The news: Procter & Gamble
reported lower quarterly profits and declining sales volumes for the three months ended December 31, per
By the numbers: Quarterly results were in line with Wall Street’s expectations. Adjusted earnings per share were $1.59 on $20.77 billion in revenues.
- Net sales fell 1%, although organic revenues increased by 5% due to higher pricing.
- Sales volume decreased 6%.
The context: Softening consumer demand is responsible for roughly half of the sales volume decrease; the rest is from reduced business in Russia due to the war in Ukraine, and inventory reductions in China.
- P&G increased prices by 10% during the quarter, prompting consumers to cut back on purchases.
- Sales volumes fell across all the company’s divisions, although every category minus grooming saw organic sales grow thanks to price hikes.
The strategy: Despite clear evidence that higher prices are turning off shoppers, P&G plans to continue raising prices to offset higher material costs and supplier inflation, CFO Andre Schulten said on the company’s earnings call.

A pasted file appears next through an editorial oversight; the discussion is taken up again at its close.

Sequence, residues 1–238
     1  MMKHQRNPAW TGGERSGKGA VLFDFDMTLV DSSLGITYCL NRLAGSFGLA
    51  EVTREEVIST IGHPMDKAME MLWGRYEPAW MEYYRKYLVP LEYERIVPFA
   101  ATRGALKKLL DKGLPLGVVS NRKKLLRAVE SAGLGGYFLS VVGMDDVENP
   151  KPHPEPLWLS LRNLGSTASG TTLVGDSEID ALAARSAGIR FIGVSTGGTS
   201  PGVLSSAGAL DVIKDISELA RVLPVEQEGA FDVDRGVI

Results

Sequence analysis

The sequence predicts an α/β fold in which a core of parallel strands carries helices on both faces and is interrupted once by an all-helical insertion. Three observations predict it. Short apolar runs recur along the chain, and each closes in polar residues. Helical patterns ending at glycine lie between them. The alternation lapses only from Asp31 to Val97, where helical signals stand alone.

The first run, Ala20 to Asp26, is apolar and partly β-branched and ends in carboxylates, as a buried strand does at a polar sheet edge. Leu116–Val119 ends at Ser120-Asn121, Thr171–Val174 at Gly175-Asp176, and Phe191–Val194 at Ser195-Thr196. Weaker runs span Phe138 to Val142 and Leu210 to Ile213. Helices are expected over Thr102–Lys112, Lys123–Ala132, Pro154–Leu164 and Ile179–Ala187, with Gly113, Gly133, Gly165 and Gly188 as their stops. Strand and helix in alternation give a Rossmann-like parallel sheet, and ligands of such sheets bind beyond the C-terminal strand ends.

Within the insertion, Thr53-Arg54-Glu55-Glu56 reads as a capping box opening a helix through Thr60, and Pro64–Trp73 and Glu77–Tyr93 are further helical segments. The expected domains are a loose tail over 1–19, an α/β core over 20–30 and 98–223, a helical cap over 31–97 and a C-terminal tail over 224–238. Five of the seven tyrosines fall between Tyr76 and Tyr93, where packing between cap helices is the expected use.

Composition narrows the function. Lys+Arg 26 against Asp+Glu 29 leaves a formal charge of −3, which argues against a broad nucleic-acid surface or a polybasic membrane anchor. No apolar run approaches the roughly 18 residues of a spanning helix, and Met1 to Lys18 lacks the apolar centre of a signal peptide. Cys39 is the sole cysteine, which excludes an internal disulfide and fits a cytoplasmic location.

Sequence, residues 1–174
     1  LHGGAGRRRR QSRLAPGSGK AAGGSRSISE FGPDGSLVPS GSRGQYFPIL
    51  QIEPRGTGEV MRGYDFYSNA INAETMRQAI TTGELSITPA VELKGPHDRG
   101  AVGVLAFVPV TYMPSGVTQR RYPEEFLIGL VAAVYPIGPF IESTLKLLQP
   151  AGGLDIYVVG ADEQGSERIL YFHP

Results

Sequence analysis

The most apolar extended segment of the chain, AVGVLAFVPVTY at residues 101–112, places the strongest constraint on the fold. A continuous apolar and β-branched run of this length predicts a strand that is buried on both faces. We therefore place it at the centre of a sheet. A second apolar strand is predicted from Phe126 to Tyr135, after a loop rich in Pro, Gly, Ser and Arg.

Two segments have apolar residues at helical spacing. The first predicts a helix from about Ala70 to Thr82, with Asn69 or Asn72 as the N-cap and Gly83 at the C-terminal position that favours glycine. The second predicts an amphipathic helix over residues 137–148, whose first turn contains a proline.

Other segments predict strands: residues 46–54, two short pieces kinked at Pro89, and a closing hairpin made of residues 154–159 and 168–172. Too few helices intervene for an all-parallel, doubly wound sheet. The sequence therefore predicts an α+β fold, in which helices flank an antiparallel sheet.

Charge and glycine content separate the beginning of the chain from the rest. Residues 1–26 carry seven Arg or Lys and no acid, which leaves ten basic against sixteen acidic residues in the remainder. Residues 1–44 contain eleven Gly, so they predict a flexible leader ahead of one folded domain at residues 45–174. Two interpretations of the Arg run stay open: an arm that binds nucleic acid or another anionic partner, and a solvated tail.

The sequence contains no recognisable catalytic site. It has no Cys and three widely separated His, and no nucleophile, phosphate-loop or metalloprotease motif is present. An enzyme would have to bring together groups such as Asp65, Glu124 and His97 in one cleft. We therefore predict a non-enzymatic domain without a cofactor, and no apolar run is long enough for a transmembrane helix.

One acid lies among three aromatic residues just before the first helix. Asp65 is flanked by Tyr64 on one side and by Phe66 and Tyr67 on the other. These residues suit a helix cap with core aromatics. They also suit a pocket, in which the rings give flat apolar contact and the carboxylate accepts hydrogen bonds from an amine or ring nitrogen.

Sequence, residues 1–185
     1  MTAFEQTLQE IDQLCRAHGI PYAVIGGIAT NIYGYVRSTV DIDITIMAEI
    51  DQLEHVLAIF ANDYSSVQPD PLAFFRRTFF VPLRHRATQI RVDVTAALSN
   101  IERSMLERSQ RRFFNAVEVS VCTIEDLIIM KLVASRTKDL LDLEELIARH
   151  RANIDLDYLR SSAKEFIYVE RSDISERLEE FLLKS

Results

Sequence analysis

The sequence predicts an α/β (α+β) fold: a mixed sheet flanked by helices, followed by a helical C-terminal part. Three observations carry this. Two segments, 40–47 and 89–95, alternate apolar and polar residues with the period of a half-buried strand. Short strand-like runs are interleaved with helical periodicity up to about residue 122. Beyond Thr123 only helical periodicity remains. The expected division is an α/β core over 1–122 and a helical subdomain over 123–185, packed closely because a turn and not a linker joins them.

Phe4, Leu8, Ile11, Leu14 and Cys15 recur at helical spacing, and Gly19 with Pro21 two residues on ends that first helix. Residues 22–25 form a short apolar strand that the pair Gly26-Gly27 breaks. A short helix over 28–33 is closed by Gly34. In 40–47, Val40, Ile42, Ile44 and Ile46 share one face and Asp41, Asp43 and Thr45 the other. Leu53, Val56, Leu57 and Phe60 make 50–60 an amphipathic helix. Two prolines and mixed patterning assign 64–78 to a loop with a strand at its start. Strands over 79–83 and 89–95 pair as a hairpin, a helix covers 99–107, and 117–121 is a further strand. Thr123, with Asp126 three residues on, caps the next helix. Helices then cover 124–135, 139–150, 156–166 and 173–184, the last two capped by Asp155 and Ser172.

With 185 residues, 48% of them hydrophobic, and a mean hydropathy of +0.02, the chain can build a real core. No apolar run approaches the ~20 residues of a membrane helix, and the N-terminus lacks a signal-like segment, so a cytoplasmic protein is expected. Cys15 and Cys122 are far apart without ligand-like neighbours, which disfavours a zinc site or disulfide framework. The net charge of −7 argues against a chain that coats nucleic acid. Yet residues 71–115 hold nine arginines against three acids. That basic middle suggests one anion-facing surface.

- And it’s not the only one: Unilever CEO Alan Jope told CNBC that the company expects to continue raising prices due to “extraordinary input cost pressure,” although the rate of those increases will likely slow as consumers’ savings dwindle and inflation eases.
- “So far, the consumer response in terms of volume softness has been very muted, the consumer has been very resilient,” he said.
Tightening the purse strings:
Consumers may have been resilient in 2022, but 2023 is shaping up differently. The personal saving rate
remains near an all-time low, while nearly two-thirds (63%) of US adults live paycheck-to-paycheck, per a November survey by LendingClub.
- Real spending fell in December as inflation caused shoppers to buy fewer gifts and hold off on large purchases.
- Macy’s CEO Jeff Gennette noted that the company saw a steeper-than-usual dropoff in spending during holiday lull periods, when consumers usually shop for themselves, a further sign that shoppers are reining in their spending.
Looking ahead: P&G and Unilever are betting that their brand name products are sticky enough to keep shoppers from switching to cheaper alternatives. But that’s a risky bet to take, given consumers’ growing price sensitivities.
- Two-thirds of retail executives believe price will be more important to consumers than brand or retailer loyalty in 2023, per Deloitte’s 2023 Retail Industry Outlook.
- With brand loyalty already on shaky footing after the supply chain challenges early in the pandemic, companies like P&G have to tread carefully to avoid angering shoppers and hastening their turn to cheaper brands.